We recall that depolarizing collision cross-sections are very difficult to derive from the quantum mechanical calculations of collisions. The differential Hanle effect is thus a valuable tool for estimating these quantities from the observed polarization rates in several lines of the same branch. Writing the depolarizing collision rate as D(2) = nHα(2), where nH denotes the hydrogen density, we find that α(2) = 1.6 ± 0.4 × 10-9   cm3   s-1 for the C2 lines of our wavelength range. This is in excellent agreement with the previous determination that we performed in Milić & Faurobert (2012), using observations presented in Gandorfer’s Atlas (Gandorfer 2000) of the second solar spectrum, where we found α(2) ≈ 1.7 × 10-9   cm3   s-1. We find that the microturbulent magnetic field strength shows a strong vertical gradient in the upper photosphere, where it decreases from  ≈ 95   Gauss, at 200 km above the photosphere base, to  ≈ 5   Gauss at the height of 400 km. We compare this behavior with the results of previous works relying on the Hanle effect in C2 and MgH lines, which resulted in different magnetic field strengths, ranging from a few Gauss to a few tens of Gauss (Berdyugina & Fluri 2004; Bommier et al. 2006; Asensio Ramos & Trujillo Bueno 2005). We show that this may be understood simply by considering that the various lines are formed at different depths in the photosphere where the magnetic strength takes very different values. We discuss this strong vertical gradient and show that such a decreasing magnetic field cannot be isotropic.

2. Method

In this paper we consider six C2 triplets belonging to the P branch of the d3Πg − a3Πu electronic transition, in the spectral range between 515.7 nm and 516.1 nm. In the same spectral region there are also two MgH lines belonging to the Q branch of A2Π − X2Σ +  electronic transition. To self-consistently model the radiative transfer in the lines, we use the same approach as Milić & Faurobert (2012). We now briefly describe the method again.

2.1. Polarized radiative transfer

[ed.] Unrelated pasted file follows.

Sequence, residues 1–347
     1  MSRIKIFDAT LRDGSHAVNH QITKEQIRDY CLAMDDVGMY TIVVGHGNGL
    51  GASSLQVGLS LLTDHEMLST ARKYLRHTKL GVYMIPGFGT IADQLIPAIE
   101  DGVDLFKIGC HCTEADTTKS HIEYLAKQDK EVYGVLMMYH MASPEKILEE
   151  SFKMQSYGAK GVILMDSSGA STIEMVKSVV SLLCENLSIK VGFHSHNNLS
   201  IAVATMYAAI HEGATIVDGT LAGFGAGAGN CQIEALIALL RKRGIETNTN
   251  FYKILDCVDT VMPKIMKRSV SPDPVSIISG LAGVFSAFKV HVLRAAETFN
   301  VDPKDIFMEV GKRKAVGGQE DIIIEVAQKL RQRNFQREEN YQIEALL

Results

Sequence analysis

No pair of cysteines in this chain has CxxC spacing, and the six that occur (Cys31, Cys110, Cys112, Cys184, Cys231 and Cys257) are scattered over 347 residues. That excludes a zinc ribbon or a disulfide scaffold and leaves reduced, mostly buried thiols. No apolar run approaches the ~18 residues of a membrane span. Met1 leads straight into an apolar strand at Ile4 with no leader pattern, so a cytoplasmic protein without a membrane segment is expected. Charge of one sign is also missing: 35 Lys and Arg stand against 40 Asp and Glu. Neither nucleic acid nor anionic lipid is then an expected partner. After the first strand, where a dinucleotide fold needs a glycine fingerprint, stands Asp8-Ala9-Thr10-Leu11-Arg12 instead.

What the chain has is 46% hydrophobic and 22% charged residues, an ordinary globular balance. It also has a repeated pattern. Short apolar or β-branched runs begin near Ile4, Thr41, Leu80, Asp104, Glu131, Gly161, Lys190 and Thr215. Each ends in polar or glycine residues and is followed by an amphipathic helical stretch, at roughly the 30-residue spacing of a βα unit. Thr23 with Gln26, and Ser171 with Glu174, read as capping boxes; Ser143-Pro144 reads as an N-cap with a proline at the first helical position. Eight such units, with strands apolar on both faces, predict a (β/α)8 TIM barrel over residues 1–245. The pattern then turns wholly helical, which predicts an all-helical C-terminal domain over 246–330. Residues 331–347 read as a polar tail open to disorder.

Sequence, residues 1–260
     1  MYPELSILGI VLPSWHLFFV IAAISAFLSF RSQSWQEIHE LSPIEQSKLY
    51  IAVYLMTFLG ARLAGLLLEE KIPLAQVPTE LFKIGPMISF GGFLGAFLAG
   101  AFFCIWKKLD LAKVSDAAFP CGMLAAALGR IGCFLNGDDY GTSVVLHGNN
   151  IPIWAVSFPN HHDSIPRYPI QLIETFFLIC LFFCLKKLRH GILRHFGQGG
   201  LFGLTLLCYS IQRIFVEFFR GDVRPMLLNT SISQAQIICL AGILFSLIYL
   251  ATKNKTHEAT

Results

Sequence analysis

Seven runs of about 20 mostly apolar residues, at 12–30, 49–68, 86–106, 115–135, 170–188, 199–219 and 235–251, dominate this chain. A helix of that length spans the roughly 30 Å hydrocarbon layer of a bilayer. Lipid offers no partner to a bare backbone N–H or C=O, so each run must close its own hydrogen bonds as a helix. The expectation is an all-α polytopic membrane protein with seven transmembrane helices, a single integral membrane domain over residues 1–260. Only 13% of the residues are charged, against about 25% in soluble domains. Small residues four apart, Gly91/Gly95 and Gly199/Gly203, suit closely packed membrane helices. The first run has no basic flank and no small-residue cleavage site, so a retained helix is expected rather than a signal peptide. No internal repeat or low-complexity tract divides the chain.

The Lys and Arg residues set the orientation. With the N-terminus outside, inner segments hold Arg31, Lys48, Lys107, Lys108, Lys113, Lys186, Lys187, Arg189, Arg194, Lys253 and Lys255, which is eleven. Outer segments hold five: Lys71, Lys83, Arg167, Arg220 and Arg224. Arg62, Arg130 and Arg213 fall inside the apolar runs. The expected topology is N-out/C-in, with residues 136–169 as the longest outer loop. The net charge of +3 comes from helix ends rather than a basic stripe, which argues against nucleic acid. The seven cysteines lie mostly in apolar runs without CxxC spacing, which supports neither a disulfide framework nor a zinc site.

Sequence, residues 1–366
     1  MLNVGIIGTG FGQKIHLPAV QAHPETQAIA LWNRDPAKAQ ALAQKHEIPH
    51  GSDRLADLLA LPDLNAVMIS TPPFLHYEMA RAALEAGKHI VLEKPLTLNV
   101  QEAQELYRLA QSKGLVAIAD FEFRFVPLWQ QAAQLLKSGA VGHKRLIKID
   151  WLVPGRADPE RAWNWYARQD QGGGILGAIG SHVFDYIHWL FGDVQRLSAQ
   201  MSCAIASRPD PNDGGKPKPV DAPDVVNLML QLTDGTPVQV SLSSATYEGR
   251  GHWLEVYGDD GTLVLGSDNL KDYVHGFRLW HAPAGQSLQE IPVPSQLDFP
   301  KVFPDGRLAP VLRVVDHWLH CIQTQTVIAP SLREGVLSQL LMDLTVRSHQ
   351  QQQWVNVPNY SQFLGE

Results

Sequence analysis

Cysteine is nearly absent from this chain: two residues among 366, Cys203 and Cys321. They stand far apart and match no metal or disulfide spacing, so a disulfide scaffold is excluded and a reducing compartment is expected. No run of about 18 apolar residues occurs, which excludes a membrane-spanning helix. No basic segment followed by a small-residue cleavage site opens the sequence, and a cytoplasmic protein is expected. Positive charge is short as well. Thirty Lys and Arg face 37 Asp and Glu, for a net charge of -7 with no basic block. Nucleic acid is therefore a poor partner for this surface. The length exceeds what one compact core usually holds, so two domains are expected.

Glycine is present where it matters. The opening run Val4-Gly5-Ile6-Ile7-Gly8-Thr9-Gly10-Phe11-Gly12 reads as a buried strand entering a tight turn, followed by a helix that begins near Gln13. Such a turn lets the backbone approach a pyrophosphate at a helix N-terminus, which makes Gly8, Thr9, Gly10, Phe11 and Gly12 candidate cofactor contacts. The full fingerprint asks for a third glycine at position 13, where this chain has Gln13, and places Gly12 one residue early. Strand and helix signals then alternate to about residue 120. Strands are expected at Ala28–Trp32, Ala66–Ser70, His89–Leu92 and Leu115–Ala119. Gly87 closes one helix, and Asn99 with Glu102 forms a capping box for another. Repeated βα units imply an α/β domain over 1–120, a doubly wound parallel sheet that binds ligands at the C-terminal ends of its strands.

The polarized NLTE radiative transfer problem consists of solving the coupled equation of radiative transfer and equation of statistical equilibrium for a two-level atom. This problem can be efficiently solved by first using some fast method to solve the NLTE scalar unpolarized problem and then solving the coupled equations in turn until convergence (i.e. by doing Λ iteration for the polarization). For the first step we use “forth-and-back” implicit lambda iteration method by Atanacković-Vukmanović et al. (1997). A further simplification for this part is that solar sphericity is only important for rays that do not intersect the solar disk, so one can use a plane-parallel model. For the second step we use an along-the-ray approach to perform a formal solution of the radiative transfer equation. Detailed equations are given in Milić & Faurobert (2012). We recall that the source function for the linear polarization Stokes parameter Q, depends on two factors, namely, the collisional depolarization parameter Wc and the Hanle depolarization parameter WH in the following way: (1)Here ϕν is the line absorbtion profile (taken to be same as the line emission profile, since complete frequency redistribution approximation is valid for these weak lines), and P21 and P22 are elements of the Raighley’s scattering matrix. The photon destruction probability is denoted by ϵ and is given by ϵ = Cul/(Aul + Cul) where Aul and Cul are the Einstein coefficient of spontaneous emission and upper level collisional lifetime, respectively. Collisional de-excitations are mainly due to collisions with neutral hydrogen atoms, so we use the expression Cul = α   T0.3nH, where α is the inelastic collision cross-section, T the temperature, and nH the number density of neutral hydrogen. For more details on estimating cross-sections of inelastic collisions for these molecules see Milić & Faurobert (2012), where the explicit ϵ(h) dependency is also given. W2 is the intrinsic line polarization parameter, which depends on the rotational quantum numbers of upper and lower transition levels. The collisional depolarization parameter is given by (2)where ΓR and Cul are respectively the inverse radiative and collisional lifetimes of the upper transition level and D(2) is rate of depolarizing collisions. Neglecting the temperature dependence, it can be written as D(2) = nHα(2) where nH is the number density of neutral hydrogen atoms and α(2) the cross-section for depolarizing collisions. For a turbulent magnetic field with an isotropic distribution, the Hanle depolarization parameter is given by (3)where (4)Here g is the so-called Landé factor and B the strength of the microturbulent magnetic field. For mostly horizontal turbulent magnetic fields with random azimuths, the Hanle depolarization parameter is given by (see Stenflo 1995) (5)In our numerical computations we have used Eq. (5). From the last four equations we see the interplay between magnetic field and depolarizing collisions in the line-formation process. It is important to stress that collisions affect all the lines in the same way, while some transitions have g ≈ 0, which makes them “immune” to the Hanle effect.